Scholars examine Latino Immigration and American National Identity

Washington, DC–Latino immigrants to the U.S. are more diverse, successful, and assimilating more rapidly than is widely assumed in public debate, scholars observe in recent research published by the American Political Science Association (APSA). While immigration, assimilation, national identity, and relevant public policy questions are rightly being discussed today, the research finds that much of the concerns regarding Latino immigration are rooted in inaccurate assumptions, oversimplifications, and poor data.

These conclusions appear in a research symposium entitled “Immigration and National Identity,” edited by Gary M. Segura (University of Washington), in the June issue of the Perspectives on Politics–a journal of the APSA. The

symposium is online at and is comprised of four articles which consider different aspects of the social and political incorporation of Latino immigrants in the U.S. “The fight…over who is an American, and what constitutes ‘American-ness,’ is and has been an ongoing one for virtually the entire history of the United States,” observes Segura in the introduction.

In “Culture Clash? Contesting Notions of American Identity and the Effects of Latin American Immigration,” Segura and Luis R. Fraga (Stanford University) examine immigration and national identity in the context of American political development. Tracing immigration fears to the pre-Declaration of Independence era, Segura and Fraga agree that Anglo-Protestant culture shaped American national identity but question whether ethno-religious and linguistic traditions are the most critical “binding ties of nationhood” or

“the erosion of in the dominance of Anglo-Protestant culture is inherently destabilizing….” They point to other successful multicultural democracies while cautioning against overlooking the less laudable aspects of Anglo-Protestant dominance which have historically negatively affected socially subordinate groups. Noting the role of the capacity for change in the longevity of the American republic–rather than the maintenance of a static, idealized Anglo-Protestant identity–they advocate a broader and comprehensive reading of American history in the immigration debate.

In “Mexican Americans and the American Dream” Richard Alba (The University at Albany, SUNY) addresses the often used claim that “Mexicans are on their way to forming a separate nation within the U.S.” Underscoring the diversity within the Latino and Mexican immigrant population, the author observes that commonly used standards for assimilation such as comparisons of generations are misleading due to the fact that “different generations originate in different periods of Mexican immigration” as well as the varying impact of institutional discrimination over time. Alba challenges Samuel Huntington’s recent work and concludes that direct evidence of the linguistic assimilation of Mexicans does “not support the notion of a cleavage into separate, language-based subsocieties,” and instead reveals a pattern of “steady intergenerational progress.” While Hispanic groups including Mexicans do show higher rates of bilingualism among 2nd generation adults than European groups in the past, Alba points to high rates of recent immigration as a main cause and asserts that by the third generation “English dominance, if not monolinugalism, is the prevalent pattern.” The author concludes by noting that while some identify cultural and social isolation as the key obstacles to assimilation, it is wise to also consider the barriers to opportunities for immigrants and work to reduce them.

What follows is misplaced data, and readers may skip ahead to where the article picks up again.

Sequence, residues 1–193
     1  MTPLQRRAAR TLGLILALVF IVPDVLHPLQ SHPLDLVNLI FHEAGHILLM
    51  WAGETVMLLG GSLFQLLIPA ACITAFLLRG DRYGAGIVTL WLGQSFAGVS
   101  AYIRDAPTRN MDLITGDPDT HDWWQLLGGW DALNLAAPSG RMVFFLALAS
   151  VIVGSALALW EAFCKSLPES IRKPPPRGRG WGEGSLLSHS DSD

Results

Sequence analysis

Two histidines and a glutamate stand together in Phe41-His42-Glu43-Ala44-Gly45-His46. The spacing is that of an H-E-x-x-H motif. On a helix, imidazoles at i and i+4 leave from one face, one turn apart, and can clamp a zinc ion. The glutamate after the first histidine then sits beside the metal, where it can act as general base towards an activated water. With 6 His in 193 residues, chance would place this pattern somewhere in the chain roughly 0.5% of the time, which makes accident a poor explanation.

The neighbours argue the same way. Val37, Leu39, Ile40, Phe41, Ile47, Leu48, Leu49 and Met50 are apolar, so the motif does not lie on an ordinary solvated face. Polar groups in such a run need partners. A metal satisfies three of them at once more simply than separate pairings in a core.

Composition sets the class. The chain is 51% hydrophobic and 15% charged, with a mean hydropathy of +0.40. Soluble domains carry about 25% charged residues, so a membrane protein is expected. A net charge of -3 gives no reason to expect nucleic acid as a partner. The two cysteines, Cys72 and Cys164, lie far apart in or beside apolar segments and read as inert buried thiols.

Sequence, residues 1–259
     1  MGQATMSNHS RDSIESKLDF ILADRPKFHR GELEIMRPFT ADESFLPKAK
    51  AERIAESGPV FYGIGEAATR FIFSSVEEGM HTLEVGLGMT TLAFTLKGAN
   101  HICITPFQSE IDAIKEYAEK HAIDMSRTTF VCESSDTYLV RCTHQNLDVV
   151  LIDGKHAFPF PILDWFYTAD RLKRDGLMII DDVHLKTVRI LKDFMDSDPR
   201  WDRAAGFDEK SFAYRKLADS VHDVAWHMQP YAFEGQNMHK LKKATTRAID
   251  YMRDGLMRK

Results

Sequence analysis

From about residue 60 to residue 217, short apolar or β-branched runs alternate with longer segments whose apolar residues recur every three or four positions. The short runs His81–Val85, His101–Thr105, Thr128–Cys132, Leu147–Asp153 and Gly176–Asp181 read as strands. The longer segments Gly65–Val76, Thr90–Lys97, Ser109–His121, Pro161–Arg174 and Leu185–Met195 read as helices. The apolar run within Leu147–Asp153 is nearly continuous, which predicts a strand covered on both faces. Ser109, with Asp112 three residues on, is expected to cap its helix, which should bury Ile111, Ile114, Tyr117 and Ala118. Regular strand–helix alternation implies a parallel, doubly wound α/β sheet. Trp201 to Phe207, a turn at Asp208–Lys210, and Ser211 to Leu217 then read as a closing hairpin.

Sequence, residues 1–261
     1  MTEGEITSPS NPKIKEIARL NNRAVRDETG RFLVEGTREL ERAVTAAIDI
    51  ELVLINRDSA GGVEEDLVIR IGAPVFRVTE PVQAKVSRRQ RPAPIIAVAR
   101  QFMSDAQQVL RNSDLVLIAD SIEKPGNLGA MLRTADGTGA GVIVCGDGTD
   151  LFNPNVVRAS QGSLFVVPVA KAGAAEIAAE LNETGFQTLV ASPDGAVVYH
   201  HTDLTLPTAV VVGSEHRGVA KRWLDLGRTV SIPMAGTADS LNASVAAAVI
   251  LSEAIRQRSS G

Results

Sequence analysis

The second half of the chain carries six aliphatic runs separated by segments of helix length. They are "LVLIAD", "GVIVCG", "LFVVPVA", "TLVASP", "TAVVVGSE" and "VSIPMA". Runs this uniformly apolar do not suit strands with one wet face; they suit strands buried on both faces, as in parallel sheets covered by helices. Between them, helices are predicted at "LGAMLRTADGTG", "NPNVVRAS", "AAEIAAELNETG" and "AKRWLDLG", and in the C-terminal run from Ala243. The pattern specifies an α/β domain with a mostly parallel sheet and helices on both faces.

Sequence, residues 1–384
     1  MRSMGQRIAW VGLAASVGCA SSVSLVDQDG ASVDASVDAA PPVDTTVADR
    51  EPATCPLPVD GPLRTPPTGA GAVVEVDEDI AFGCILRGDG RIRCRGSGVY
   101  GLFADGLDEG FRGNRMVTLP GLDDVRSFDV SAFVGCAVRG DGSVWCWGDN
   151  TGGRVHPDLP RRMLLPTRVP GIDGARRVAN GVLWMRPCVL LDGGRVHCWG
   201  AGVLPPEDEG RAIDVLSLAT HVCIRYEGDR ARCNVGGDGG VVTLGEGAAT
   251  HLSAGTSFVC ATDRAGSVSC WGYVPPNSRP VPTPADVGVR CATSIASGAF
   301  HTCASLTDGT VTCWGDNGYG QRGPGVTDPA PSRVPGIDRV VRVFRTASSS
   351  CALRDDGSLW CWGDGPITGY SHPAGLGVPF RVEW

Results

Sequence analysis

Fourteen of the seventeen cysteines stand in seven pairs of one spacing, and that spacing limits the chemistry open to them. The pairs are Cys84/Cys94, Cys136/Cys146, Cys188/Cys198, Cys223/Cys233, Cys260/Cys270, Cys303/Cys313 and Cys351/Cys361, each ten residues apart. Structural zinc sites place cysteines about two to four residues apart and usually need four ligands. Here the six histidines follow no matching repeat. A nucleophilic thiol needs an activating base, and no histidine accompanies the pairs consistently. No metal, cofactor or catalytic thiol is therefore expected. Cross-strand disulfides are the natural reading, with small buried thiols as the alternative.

Susan Eckstein (Boston University) authored the third article, “Cuban Emigres and the American Dream,” which focuses on the Cuban immigrant experience and the claim that “Latin Americans are eroding our country’s core Anglo-Protestant values.” Eckstein observes that “what has been good for Cuban Americans has been good for America” in that the Cuban presence in Miami helped transform the city into a commercial hub spanning the Americas and from which all Americans benefit. Notably, the cultural aspects of that transformation were essential as Cuban identity and the Spanish language were central in spurring growth. Moreover, the enduring Catholic religious identity of most Cubans has not hindered their economic integration despite claims that Anglo-Protestant values are the keys to assimilation. Eckstein also examines the “social and cultural separateness” between Cuban Americans and non-Hispanics in Florida that has led Cubans to form their own municipal, voluntary, and professional associations over time–a key aspect of their success. However, despite the fact that Cuban Americans exhibit high rates of citizenship, voter registration and political participation, they remain “internally divided and increasingly so,” a phenomenon driven by the changing nature of the type of Cubans immigrants–from those who fled the Castro revolution and were typically privileged in the pre-revolution era, to those who have lived under the Castro regime. These different cohorts have “shared unequally in the American Dream” and differ in their levels of economic success, language adoption, political engagement, and overall assimilation in the U.S. She concludes by observing that the Cuban American experience has been uniquely shaped by its encounter with Anglo society in Florida and that “if there is not one single Cuban American experience, even less is there a single Hispanic experience.”